There’s little doubt that we’re in the “customer experience” era. In their recent Daily Fix posts, for instance, Paul Barsch and Linda Ireland offered insights on how leaders are transforming their businesses with bold strategies aimed at the all-important customer or client experience.
If you’re in any of the services business—marketing, PR, consulting, web design, copywriting, and so on—you know that the quality of your client’s experience rests with you and your team. After all, you’re the ones who work directly with clients during sale and in the delivery of your service. When clients evaluate their experiences with your company, they are really thinking about the people they worked with.
Of course, delivering your project on time, within budget, and with the expected results only makes up part of the client’s overall experience with you. Most clients consider those achievements as the minimum standard of performance.
Today’s clients want more. They’re also looking for non-project sources of value, such as what they can learn, how they might change as a result of your work, the new capabilities they could develop, and how they will feel about the experience of working with you. Focus on boosting those aspects of the client’s experience, and you will set yourself apart from others.
The best client experiences don’t happen by accident. To begin, you need to understand the possible sources of value for your client, which differ greatly from client to client. You can get a better view of what particular clients value by asking this question: If we had already completed this project and you were looking back on it, how would you describe the project if your experience was an ideal one?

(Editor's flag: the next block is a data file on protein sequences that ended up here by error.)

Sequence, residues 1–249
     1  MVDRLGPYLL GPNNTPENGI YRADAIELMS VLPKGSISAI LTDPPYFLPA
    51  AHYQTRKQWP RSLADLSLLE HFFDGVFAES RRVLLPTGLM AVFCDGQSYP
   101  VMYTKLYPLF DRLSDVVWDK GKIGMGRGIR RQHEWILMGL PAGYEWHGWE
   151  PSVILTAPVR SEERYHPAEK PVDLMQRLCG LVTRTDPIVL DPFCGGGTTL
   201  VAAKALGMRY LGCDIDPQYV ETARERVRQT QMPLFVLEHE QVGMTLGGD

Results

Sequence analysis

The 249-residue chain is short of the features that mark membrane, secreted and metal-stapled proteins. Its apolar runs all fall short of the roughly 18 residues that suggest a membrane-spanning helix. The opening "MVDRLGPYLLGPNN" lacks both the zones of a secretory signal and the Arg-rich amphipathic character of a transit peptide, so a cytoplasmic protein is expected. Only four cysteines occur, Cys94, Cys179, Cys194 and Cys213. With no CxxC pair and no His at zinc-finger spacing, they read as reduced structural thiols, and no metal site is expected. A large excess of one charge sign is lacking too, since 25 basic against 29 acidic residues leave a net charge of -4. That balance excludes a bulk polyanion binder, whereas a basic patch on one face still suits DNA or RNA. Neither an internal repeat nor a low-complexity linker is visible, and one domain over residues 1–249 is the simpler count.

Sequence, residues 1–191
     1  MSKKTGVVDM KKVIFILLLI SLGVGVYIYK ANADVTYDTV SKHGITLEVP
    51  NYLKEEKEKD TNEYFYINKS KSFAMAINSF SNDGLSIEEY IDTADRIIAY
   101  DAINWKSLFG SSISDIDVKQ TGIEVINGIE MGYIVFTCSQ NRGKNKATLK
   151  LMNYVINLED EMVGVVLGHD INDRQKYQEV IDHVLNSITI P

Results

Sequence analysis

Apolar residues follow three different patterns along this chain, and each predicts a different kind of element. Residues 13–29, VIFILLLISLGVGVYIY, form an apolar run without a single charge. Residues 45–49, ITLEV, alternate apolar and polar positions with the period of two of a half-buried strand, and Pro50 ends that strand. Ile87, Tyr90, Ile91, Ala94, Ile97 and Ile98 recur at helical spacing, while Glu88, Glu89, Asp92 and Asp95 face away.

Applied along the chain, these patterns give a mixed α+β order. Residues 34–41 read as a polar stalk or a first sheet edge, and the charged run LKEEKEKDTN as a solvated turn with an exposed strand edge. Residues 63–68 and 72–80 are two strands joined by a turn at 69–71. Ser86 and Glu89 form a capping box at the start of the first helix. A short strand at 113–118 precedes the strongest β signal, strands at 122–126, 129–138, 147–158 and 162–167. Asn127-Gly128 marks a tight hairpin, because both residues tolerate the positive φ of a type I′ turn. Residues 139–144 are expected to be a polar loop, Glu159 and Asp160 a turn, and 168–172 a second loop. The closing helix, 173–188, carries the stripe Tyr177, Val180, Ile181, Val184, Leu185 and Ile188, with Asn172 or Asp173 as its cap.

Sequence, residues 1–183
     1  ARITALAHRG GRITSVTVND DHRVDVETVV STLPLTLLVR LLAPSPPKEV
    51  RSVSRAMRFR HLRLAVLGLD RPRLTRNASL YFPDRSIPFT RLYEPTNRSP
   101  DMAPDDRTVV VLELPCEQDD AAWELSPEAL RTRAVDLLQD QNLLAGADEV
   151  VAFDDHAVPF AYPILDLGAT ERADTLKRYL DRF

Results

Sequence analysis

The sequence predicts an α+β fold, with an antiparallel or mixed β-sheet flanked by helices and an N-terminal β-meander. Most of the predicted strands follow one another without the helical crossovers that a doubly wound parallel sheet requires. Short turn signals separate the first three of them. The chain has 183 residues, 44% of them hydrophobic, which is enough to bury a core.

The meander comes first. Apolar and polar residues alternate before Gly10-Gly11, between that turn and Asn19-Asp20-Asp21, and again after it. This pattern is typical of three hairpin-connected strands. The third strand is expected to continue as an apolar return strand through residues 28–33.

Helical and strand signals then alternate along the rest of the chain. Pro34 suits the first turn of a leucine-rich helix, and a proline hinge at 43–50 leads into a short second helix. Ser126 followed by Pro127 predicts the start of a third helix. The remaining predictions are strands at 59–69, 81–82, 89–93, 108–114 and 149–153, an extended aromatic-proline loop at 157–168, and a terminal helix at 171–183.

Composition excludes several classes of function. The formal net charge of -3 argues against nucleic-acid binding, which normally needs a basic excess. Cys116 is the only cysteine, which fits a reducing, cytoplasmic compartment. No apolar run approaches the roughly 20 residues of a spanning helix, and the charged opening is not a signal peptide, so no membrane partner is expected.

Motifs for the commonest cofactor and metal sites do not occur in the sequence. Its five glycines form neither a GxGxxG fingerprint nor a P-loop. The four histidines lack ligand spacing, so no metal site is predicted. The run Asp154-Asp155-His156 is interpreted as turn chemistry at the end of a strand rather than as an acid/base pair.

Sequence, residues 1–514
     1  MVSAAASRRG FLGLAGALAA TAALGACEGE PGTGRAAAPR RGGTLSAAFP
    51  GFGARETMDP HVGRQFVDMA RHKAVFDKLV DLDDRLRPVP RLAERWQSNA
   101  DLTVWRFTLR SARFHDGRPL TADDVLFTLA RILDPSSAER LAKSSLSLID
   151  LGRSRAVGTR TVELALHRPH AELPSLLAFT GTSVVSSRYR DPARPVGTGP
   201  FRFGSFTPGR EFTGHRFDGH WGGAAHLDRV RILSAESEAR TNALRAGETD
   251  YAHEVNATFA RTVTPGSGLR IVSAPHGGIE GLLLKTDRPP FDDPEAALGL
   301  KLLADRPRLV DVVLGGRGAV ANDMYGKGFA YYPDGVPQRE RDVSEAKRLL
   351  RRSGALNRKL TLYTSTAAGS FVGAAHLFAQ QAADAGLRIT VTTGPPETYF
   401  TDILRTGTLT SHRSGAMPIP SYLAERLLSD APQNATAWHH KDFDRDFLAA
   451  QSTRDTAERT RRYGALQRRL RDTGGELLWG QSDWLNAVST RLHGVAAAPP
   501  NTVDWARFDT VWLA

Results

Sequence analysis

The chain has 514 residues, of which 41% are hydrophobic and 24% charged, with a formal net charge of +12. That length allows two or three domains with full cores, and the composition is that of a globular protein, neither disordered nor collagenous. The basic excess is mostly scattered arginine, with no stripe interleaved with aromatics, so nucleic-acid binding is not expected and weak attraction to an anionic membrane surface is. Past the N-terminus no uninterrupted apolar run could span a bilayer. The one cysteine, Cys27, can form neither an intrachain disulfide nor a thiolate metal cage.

In response, you’ll probably hear a lot about schedules, delivery on your promises, and budget. That’s to be expected. But follow up on the non-tangible sources of value, especially how the clients might have changed and what they gained, personally and professionally.
Once you do that, you’ll get a glimpse of how they want to work with you and a truer picture of what’s most important to them. From that discussion and follow-up questions, you should have a good idea how you can deliver on all the sources of value for them.
In an ideal world, you would have asked such questions during the sales process and offered your take on the client’s experience in your proposal. If you didn’t, make this a priority before you begin the work.
Granted, designing a client experience isn’t going to work for everyone. We’ve all been with clients who just want the job done. In spite of that, it’s undeniable that buyers will continue to gravitate to sellers who offer them the experiences they want.
You can buck that trend, continue to compete just on competence, and you will probably win some of the time. But don’t expect to get paid a premium, and don’t be surprised if your most interesting project opportunities are highly competitive.
If you want to separate your company from others, think about how you can add the client’s experience to your marketing, sales, and service delivery efforts.